Accordingly, it has been suggested that chemometric methods should be superior to conventional screening procedures because their results can a) provide a preview of the structure of geochemical datasets, b) guide us into focusing our attention on potential source rock intervals in the study area, c) identify information gaps, d) take the necessary precautions of data interpretations, and e) provide help for selecting samples for complementary analyses.

Table 3

 Results from the exploratory analyses of the full dataset with the geochemical interpretations on sample groupings.



Geochemical significance


Family 1


Contamination (relatively high Tmax)

Further investigation





Oxidized organic matters


Family 2






Oxidized organic matters

Further investigation


Non-source rock interval (relatively high RC)



Moderate source rock (more oxic facies)

Further investigation



Oxidized organic matters



Moderate source rock



Moderate source rock (relatively high PI)

Further investigation


Oxidized organic matters



Good source rock


Family 3


Good source rock (relatively low Tmax)



Good source rock (relatively high Tmax)



Good source rock (more oxic facies)


5. Conclusions

The chemometric-enhanced classification of source rock samples using their bulk geochemical parameters is performed for the first time on a total of 534 samples from the Persian Gulf basin. After a detailed exploratory study by HCA and PCA methods, three main families and a number of smaller subdivisions were identified in the sample set. According to our results, most of Family 1 samples are characterized by excess amounts of free hydrocarbons with a high probability of being contaminated. In addition, Family 2 samples are generally characterized by moderate/good potential for source rocks and, in some cases, belong to strongly oxic depositional settings. However, Family 3 samples represent good source rocks which are subjected to varying levels of thermal maturation due to differing depths of burial. The results of this novel classification approach proved useful for a) clarifying the groupings of the samples, b) obtaining a big-picture view of the existing geochemical variations, c) identifying potential source rock layers, and d) gaining information about the quality of key source rock units before starting basin and petroleum system models. More importantly, the analysis of large datasets by multivariate techniques sidesteps the issues related to the subjectivity of manual data filtration. Therefore, an initial chemometric analysis prior to the ordinary graphical representation of bulk Rock-Eval parameters can tell us about the main sample groupings inherent in the database.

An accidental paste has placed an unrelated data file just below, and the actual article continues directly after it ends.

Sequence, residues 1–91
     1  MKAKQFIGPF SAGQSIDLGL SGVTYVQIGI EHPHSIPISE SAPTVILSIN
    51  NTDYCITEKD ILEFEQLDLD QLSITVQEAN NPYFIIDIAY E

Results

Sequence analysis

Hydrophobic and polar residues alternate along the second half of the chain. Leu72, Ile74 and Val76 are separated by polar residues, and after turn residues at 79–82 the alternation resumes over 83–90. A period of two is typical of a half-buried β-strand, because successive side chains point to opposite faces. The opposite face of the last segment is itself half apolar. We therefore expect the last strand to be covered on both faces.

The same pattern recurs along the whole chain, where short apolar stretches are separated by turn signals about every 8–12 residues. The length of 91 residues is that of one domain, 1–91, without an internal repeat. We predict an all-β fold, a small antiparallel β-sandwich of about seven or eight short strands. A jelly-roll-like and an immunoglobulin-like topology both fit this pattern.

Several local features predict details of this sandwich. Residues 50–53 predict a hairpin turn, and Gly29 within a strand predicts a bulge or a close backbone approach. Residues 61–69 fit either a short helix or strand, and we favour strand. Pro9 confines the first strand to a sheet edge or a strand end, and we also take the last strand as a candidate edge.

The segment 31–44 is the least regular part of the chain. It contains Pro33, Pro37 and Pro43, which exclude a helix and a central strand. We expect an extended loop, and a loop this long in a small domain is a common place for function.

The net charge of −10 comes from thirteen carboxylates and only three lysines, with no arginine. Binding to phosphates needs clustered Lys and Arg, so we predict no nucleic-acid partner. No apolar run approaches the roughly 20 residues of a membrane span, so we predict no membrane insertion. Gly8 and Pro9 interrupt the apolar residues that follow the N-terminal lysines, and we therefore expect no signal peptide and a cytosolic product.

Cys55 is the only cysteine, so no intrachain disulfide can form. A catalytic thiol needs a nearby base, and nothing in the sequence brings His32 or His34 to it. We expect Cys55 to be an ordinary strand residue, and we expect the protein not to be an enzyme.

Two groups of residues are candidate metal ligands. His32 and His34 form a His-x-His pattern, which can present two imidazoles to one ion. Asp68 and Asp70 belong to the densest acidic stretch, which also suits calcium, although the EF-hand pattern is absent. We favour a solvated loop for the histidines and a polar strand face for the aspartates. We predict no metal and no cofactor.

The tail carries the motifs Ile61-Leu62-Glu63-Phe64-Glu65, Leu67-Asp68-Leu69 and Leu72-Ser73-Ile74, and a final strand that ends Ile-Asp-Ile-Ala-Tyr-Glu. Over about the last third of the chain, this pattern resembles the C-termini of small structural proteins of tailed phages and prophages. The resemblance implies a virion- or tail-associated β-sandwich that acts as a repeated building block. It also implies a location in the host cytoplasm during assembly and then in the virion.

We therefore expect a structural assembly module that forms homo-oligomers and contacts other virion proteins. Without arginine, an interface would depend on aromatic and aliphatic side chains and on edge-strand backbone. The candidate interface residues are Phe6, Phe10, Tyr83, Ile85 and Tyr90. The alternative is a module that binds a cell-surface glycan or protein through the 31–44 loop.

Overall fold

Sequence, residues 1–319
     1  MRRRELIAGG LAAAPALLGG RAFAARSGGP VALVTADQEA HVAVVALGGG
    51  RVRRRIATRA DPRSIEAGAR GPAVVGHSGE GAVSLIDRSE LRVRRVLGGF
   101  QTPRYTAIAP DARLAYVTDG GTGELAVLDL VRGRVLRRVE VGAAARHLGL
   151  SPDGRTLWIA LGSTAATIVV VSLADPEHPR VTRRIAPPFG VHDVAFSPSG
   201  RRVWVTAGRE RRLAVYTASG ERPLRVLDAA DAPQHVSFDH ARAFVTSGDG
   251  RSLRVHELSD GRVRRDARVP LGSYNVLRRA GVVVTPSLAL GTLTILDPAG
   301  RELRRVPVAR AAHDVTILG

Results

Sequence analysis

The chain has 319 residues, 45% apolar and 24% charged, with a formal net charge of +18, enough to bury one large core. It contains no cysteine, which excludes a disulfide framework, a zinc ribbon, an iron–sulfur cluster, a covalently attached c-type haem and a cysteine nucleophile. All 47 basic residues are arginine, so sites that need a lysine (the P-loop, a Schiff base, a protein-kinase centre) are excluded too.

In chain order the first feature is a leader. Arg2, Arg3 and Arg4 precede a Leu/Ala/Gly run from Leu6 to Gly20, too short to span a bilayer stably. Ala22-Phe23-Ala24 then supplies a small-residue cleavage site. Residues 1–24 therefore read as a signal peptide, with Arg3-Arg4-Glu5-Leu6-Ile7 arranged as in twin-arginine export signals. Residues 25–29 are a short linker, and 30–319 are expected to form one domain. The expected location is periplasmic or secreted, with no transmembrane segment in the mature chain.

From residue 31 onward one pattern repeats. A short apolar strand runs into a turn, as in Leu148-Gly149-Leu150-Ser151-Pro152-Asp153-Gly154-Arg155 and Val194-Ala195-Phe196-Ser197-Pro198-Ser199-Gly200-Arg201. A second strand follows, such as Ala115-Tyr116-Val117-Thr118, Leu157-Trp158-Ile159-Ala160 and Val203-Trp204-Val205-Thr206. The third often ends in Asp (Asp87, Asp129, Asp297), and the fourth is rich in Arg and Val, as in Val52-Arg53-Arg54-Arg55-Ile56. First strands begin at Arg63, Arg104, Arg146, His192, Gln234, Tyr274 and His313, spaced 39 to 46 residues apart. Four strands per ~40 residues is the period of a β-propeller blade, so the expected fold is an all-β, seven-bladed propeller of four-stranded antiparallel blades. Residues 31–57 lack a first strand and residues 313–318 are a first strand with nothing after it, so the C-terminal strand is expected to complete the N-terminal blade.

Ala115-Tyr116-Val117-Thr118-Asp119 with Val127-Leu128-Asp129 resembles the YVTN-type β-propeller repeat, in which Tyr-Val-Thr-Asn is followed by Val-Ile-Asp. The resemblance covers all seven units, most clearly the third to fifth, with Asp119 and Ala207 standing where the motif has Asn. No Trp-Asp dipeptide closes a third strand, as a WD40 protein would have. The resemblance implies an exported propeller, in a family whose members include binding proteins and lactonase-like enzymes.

National Iranian Offshore Oil Company (IOOC) is acknowledged for providing the data. Petroleum Geology and Geochemistry Research Center (PGGRC) of Shahid Chamran University of Ahvaz is also acknowledged for scientific cooperation. The authors are sincerely thankful to the Infometrix licensing group, in particular Paul Bailey, for providing a static license of Pirouette® 4.5 for the purpose of this study. The authors also acknowledge the useful comments of anonymous reviewers on an earlier version of this manuscript, which greatly improved the quality of the work.


2D modeling

Two dimensional modeling


Hierarchical cluster analysis


Hydrogen index


Oxygen index


Principal component analysis


Production index


Residual carbon


Free hydrocarbons released up to 300 °C within a pyrolysis oven


Generative (i.e. remaining) potential


Soft independent modeling of class analogy


Pyrolysis oven temperature at maximum hydrocarbon yield


Total organic carbon